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Sublet. My tenant/roomate was just arrested. Does this count as bailing on the lease

Highland, NY |

Tenant was consistently back due, made arrangements to pay. Was arrested and currently incarcerated. Same day off arrest he sent family to claim property, Lease runs through July. This is a Sublet of a room in a house, Written agreement with receipts issued. There is damage to room and furniture.Tenant was given cell phone to use and payment for this was outlined in contract. The cell phone was to be returned as of march 25th at tenants request. There is a small window of time for phone to be returned or face termination fee. This arrangement is in writing as well. Phone presumed in tenant's possession at time of arrest. Seeking back due plus remainder of lease if applicable, money for damages to room and furniture as well as return of phone or termination fee.

Attorney Answers 3


He is still liable even though he is incarcerated though it will prove very difficult to collect.

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Thank You, Should I list his address as my own which was/is(?) is his legal address or should I use the address of the county jail though I don't know how long he will be held.


Being incarcerated has nothing to do with the obligations under the written sublease agreement. The agreement is still enforcable however it may prove difficult to collect on. If you are not paid the rent you can commence an eviction proceeding in accordance with the applicable rules of court. If you do not get return of the cell phone and incur expenses as a result you can sue in small claims court.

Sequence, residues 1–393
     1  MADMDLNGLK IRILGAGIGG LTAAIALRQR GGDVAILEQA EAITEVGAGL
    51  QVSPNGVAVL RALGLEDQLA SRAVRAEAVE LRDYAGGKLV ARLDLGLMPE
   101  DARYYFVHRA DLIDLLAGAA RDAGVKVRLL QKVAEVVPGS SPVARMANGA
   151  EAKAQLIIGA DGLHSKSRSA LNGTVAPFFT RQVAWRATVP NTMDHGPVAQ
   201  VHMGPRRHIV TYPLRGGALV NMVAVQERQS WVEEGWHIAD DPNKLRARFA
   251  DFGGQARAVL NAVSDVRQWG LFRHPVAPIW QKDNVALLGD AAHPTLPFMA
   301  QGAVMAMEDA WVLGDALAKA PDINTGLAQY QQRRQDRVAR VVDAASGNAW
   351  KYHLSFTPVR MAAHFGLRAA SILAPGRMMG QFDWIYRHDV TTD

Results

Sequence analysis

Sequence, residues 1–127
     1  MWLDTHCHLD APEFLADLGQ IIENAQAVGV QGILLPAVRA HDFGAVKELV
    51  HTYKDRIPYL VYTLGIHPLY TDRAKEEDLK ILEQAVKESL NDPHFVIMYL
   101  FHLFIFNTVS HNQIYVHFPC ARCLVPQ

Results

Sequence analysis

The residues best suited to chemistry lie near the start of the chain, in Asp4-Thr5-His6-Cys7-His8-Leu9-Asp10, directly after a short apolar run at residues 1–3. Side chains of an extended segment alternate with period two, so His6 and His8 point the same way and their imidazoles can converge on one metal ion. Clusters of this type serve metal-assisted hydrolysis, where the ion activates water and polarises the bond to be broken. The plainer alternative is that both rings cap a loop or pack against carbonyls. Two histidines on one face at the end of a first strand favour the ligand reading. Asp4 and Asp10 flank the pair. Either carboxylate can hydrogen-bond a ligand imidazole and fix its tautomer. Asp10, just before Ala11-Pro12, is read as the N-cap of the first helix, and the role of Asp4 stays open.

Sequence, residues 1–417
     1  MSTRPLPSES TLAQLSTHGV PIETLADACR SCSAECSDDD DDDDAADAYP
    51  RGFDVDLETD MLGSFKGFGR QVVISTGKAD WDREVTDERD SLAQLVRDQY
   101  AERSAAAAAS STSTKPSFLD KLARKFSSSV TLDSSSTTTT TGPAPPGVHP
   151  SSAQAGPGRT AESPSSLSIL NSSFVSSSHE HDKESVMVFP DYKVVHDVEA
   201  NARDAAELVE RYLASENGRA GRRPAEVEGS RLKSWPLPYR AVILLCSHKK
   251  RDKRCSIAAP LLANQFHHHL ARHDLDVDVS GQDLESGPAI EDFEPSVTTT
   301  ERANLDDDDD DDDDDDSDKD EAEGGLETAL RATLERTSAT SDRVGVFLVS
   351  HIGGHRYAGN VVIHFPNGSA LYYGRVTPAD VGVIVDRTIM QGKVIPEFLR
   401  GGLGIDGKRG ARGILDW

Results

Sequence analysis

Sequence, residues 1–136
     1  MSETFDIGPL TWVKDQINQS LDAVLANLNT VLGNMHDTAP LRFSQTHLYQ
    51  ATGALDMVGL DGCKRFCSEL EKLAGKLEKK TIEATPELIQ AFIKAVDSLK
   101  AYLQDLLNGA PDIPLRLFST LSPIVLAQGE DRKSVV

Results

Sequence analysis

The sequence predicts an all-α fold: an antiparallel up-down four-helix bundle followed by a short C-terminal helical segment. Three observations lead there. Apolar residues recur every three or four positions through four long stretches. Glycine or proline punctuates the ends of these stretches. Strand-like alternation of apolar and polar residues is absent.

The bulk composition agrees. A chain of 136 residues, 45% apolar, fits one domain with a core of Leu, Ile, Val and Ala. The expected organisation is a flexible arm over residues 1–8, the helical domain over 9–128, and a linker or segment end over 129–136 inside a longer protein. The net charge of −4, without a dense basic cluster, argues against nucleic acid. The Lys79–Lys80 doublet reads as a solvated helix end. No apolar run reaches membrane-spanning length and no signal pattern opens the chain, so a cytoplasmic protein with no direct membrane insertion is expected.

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Dear landlord:

Unless the written lease provided that incarceration even if temporary constitutes a default of an obligation of tenancy, that may not be cured by the tenant, and thus would lead to a direct forfeiture of the lease and tenancy, allowing the service of a termination of tenancy notice and commencement of a summary holdover proceeding, the lease continues in full force and effect, even if the tenant is in county, and even if the tenant is not paying rent.

So to learn whether your lease provides for the earlier termination, review the terms of the lease and if in doubt, see an attorney.

More swift and certain is the right to sue for rent nonpayment, but the incarceration may require additional (that is beyond the statute) acts of service for the written rent demand, and then, if the rent is not paid, service of the notice of petition and petition. Note, a family member or the tenant may pay the rent due, even after you start the nonpayment proceeding, and paying the rent due may end your right to seek an eviction for nonpayment.

You cannot sue for damages for breach of lease until the lease runs out (end of July) but you could sue for your other separate damages when the damages arise (or to save yourself the expense of multiple cases and index numbers) or when all claims are ripe.

You cannot dip into the security account until the lease is over.

Because the lease continues until the relationship of landlord and tenant is annulled by reason of the court issuing a warrant of eviction, you may consider with your attorney to salvage a chance of being paid rent for this room by a new tenant, and proceed to elect to terminate the tenancy and gain possession by a summary holdover proceeding.

Good luck.

The answer provided to you is in the nature of general information. The general proposition being that you should try to avoid a bad outcome if you can.

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